That’s a lie. Deep down, I know it was all about my project. Those other problems have been existing for a good amount of time in my life and I am used to it. They are my familiar demons. But right now, project is my dartboard.

Probably because I deposited all my hopes on a stupid project. It is immature. But I have this annoying habit of betting all my stakes on a single thing. Reach this place, you are going to be happy; Do this thing, all your misfortunes will vanish. I got a kick out of it maybe. And when I did achieve them, I was not granted of my promised boons, I just set a new target and kept running like a blinded horse.

It is stunning to realize how flimsy your filter for life is; how you place your value on the most volatile things. Like a project work. How much power this can have over me; I let it to. It is not about feeling the defeat; it is the feeling of confusion; about my purpose, my values, my existence.

It is myopic to say that’s the end of my life. Because, by Week 3, I went to college and met those faces again. I have come too far, made too many sacrifices to be at this place. Giving up at this point is not even a choice. No one tried to kill me, it’s just my over imaginative brain. Many people were concerned of my long absence, many were oblivious. The Sun was still rising in the East, buses continued running on roads and my project guide still too busy for me. To sum it up, the world worked just fine.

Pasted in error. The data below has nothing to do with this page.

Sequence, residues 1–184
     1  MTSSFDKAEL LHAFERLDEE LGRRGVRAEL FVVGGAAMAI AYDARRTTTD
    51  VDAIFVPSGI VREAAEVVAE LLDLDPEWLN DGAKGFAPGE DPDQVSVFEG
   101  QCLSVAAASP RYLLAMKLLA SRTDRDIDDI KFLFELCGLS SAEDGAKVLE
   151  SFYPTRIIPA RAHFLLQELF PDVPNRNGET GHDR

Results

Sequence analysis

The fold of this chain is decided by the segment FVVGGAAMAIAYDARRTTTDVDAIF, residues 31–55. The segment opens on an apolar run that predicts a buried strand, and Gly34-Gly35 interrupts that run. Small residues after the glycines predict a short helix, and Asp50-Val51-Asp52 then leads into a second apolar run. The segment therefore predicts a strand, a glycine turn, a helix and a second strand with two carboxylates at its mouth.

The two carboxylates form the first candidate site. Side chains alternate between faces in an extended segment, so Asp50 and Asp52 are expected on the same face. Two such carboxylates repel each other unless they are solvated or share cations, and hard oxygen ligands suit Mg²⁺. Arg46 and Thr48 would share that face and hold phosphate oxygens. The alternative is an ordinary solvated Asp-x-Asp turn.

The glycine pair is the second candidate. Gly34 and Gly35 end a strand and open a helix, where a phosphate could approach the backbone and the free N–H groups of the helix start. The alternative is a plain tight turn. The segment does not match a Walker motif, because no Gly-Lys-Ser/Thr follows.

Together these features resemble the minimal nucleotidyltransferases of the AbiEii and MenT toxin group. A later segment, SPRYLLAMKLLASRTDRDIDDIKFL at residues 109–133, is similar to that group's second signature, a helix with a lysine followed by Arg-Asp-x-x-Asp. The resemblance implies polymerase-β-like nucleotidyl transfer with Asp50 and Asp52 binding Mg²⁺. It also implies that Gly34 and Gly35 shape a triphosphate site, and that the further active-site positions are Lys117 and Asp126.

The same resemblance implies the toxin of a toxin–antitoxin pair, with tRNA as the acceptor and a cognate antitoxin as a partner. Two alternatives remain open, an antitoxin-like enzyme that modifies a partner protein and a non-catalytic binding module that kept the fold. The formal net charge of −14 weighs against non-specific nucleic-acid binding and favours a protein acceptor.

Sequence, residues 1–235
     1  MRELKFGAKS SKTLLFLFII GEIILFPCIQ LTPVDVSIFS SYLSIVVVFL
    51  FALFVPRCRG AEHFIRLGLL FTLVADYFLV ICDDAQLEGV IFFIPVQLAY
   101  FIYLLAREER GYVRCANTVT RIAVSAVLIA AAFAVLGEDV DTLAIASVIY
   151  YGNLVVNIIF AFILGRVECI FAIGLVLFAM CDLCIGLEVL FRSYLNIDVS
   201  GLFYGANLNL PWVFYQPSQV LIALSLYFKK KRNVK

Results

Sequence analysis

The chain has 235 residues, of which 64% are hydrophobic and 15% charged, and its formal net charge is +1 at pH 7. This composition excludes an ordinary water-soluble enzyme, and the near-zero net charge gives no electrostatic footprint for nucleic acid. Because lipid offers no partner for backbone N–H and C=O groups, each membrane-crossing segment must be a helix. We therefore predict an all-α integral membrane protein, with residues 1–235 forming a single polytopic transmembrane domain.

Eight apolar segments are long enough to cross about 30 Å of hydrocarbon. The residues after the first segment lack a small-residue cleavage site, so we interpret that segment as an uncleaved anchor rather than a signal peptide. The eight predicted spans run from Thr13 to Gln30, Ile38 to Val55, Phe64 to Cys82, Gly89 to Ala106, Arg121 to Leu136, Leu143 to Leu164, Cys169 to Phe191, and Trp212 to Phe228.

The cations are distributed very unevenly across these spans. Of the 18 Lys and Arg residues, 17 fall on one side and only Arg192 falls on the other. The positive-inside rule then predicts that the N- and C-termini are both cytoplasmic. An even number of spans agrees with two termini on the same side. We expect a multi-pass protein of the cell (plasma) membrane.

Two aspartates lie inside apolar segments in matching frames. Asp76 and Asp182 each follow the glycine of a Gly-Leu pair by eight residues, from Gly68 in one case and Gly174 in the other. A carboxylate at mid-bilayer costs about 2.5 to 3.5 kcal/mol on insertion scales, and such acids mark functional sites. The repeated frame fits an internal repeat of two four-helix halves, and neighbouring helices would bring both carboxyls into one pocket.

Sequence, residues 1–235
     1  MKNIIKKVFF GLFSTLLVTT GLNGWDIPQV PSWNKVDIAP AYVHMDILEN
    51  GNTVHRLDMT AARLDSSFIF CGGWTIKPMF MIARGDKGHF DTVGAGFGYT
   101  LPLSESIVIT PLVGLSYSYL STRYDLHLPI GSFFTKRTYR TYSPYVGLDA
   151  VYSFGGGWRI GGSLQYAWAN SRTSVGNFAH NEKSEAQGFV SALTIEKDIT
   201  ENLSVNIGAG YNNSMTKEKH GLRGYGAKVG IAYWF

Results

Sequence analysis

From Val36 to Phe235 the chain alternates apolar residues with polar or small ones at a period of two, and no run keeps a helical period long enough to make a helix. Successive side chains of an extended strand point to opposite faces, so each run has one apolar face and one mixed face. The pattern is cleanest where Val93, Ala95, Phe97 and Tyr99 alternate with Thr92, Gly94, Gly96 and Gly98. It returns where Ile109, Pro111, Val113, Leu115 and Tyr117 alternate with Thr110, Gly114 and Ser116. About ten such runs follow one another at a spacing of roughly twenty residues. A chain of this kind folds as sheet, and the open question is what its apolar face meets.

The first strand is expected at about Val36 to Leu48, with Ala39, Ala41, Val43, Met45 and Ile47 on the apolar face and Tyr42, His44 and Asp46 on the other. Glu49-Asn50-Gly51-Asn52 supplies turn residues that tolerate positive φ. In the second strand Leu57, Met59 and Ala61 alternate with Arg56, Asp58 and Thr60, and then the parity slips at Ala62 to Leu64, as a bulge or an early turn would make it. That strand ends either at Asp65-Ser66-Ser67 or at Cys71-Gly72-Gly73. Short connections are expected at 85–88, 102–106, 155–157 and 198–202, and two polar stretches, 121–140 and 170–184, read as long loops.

Light bulb moment: A ruined day (or month, or year) does not determine my personal worth. Nor does getting fired, getting dumped, failing miserably at something you’re passionate about. Really, it’s not. The value we place on a failure is mostly self-imposed.

I still get a tiny bit of shiver when I open my project folder. But this time it reminds of all the things that makes me strong. Some lessons take their own time to sink in. Awareness is the first step for cure. I am in a process where I want to be, one day, I won’t be placing all my hopes on one day in future.



6 thoughts on “On Manic Depression And Unanswered Questions

  1. One day you’ll look back at this memory and smile, because it made you stronger and it turned you into who you are. No matter what happens, your life will be a beautiful story. A story that you can change other’s lives with.

  2. You continue to amaze me. As I always said, you’re an inspiration. I love the way how you solve your problems by yourself. The golden paragraph is about your light bulb moment. It’s so true..one failure does not explain our self-worth….rather it teaches you a lot of things. I love how much you are learning about yourself from each situation in your life. Even though I appreciate how much of a perfectionist you are in whatever you are doing, I want you to stop overthinking and overly conscious about things and people. Try to ease up.. live in the moment. If one door closes, another one opens. If you think about the brighter side of this whole episode, the comments by the panelists did not imply that you’re a loser or you’ve let yourself down. Think about the standard that you had set for yourself in people’s minds. That’s champion material. It’s like people accusing Dhoni of not finishing the game with a six but with a single. Like accusing Sachin of not hitting a century and getting out at 98. You did a great job and you should realize that. I see an excellent human being in the making. Keep faith in yourself.

    Also, excellent vocabulary dude. I had to google the meanings of few words.. :p
    Well written V. 🙂

    1. You sound like the boy who gives lopsided smile in presentations haha. I tried emulating but sadly I messed it up. Thanks a lot for your encouragement and good words. I think it takes a good heart to seek and appreciate the goodness in others. So kudos to you too xD
      English is not our first language so google is our eternal friend.
      Secret to my vocabulary: I just get help from a thesaurus while I write, that’s all lol